The lobby group also said new limits to statutory damages that range from $100 - $5,000 for infringement carried out by a defendant for non-commercial purposes is not enough to provide a compelling deterrent to “large scale infringers.”
At least one free and open source software advocate said IIPA’s recommendations only aim to water down the “already weak fair dealing provisions” of Bill C-11.
“Bill C-11 already offer consumers far too little protection under its fair dealings provisions but IIPA wants to further weaken this aspect of the bill,” said Russell McOrmond, a systems administrator and software developer at Canadiana.org and policy coordination for CLUE (Canada’s Association for Free/Libre and Open Source Software).
He also said the damages cap is important because it protects Canadians against some of the more aggressive lawsuits seen in the U.S. where some music downloaders are fined enormous amounts of money. In one such case a woman from Minnesota was ordered to pay $1.92 million for downloading songs from free online sharing site Kazaa in 2007.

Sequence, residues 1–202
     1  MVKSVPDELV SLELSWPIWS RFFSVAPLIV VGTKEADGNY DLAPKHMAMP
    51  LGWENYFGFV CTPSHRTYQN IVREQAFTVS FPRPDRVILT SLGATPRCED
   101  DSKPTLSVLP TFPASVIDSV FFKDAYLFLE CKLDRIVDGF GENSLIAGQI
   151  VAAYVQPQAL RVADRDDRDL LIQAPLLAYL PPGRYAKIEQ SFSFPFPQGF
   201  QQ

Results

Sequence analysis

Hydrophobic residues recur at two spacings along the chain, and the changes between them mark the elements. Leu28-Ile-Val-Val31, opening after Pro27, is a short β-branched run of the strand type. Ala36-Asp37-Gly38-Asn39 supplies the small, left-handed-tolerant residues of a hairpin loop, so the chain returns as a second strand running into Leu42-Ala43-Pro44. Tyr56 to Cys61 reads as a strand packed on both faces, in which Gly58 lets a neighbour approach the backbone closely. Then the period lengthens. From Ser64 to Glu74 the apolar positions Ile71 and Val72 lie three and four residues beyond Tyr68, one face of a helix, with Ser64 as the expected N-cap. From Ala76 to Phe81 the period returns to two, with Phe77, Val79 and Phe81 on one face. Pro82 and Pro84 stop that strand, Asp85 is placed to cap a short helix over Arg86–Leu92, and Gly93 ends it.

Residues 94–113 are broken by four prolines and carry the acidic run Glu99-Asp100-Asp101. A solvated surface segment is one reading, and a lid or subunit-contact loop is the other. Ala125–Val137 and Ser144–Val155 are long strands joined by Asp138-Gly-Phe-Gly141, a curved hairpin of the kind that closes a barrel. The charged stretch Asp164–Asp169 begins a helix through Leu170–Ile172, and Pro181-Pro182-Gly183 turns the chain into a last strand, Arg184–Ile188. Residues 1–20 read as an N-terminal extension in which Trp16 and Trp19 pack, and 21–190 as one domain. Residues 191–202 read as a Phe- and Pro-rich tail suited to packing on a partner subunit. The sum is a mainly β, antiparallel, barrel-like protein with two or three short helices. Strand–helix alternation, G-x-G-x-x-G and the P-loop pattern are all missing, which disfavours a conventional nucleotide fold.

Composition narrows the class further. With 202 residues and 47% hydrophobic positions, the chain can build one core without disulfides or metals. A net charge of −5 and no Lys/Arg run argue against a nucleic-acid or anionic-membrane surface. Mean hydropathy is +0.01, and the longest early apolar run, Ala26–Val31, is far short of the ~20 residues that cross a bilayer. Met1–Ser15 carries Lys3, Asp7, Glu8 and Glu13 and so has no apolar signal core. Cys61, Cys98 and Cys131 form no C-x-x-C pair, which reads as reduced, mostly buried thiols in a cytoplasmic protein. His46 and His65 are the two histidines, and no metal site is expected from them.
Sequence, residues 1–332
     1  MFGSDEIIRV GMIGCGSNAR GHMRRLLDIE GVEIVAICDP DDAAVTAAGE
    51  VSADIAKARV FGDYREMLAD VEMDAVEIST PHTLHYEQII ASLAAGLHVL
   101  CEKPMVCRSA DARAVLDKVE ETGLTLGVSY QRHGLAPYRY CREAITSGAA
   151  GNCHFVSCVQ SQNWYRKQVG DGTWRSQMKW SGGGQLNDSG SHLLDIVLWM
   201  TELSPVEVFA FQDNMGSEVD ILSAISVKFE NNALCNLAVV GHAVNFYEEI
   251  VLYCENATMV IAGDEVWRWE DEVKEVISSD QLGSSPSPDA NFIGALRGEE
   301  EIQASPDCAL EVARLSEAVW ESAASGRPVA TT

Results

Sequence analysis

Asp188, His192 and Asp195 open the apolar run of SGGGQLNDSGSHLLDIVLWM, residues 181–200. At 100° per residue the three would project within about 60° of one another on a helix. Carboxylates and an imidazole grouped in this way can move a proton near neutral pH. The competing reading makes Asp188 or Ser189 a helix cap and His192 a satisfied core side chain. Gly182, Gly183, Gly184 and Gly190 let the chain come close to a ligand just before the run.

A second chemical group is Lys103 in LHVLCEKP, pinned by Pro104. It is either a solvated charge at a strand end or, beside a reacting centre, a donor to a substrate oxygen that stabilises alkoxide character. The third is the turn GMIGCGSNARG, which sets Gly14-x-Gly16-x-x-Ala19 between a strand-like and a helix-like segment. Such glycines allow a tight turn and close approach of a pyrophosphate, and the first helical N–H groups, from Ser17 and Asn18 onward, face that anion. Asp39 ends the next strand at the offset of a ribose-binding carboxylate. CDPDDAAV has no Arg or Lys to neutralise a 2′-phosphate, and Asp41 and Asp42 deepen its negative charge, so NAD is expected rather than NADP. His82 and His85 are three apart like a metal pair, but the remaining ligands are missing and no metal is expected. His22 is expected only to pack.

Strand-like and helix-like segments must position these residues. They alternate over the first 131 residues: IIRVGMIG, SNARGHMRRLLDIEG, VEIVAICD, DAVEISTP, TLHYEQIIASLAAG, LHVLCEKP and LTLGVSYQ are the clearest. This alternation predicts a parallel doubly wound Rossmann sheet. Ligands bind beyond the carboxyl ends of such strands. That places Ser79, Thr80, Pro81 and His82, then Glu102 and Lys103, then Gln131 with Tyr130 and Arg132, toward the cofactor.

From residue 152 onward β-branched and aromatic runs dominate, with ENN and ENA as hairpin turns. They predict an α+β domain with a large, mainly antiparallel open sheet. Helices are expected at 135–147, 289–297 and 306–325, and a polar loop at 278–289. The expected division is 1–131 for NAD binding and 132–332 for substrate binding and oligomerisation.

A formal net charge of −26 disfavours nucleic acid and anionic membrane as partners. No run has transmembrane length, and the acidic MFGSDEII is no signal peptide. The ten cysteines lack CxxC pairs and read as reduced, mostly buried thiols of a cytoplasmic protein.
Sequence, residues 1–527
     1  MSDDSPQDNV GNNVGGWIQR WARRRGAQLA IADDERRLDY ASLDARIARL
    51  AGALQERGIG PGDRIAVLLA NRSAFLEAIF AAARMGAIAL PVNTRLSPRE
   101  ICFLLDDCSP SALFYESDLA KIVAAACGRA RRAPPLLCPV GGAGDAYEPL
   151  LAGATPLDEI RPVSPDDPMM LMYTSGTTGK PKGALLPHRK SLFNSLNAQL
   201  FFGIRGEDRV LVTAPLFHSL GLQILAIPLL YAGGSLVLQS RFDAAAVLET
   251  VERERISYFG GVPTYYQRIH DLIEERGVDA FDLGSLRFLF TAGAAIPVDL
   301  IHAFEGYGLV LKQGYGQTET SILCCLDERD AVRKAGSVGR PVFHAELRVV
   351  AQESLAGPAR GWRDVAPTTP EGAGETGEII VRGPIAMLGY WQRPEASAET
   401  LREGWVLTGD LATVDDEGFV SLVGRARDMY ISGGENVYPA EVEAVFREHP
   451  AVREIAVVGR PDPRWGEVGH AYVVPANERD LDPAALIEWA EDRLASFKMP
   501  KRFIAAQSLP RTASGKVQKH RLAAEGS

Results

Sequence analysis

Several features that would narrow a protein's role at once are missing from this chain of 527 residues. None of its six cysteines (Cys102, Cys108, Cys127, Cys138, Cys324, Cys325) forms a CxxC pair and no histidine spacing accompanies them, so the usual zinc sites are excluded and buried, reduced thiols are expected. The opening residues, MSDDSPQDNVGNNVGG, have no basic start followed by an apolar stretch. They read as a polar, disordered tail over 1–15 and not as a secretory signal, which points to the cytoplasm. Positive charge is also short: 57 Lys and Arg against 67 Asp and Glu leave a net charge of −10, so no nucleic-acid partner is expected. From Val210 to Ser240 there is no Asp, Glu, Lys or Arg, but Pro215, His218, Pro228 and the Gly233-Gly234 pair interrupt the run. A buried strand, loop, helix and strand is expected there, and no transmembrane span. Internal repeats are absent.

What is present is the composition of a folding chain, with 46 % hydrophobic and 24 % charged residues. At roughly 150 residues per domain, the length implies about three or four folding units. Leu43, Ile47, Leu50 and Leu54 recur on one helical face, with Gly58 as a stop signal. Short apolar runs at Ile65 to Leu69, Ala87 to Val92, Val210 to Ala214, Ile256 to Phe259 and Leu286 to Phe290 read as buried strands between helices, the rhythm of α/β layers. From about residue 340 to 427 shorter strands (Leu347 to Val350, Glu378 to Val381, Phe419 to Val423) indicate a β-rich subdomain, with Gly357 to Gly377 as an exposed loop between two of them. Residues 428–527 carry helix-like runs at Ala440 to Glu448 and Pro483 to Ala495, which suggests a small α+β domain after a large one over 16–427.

“The lobby group also wants to strengthen the position of corporations by seeking the remove the cap on statutory damages that companies can collect in copyright infringement cases,” McOrmond said. “By seeking a removal of the cap, the group is signaling that it is going after teenagers, mothers and grandmothers who are downloading songs piecemeal.”
Geist said the U.S. government is will follow the IIPA recommendation because it "often seems to operate as an extension of these lobby groups."
"But I see no impact on Canadian consumers and businesses," he said. "The watch list is simply a bullying tactic with no legal consequences."
Read the IIPA recommendation here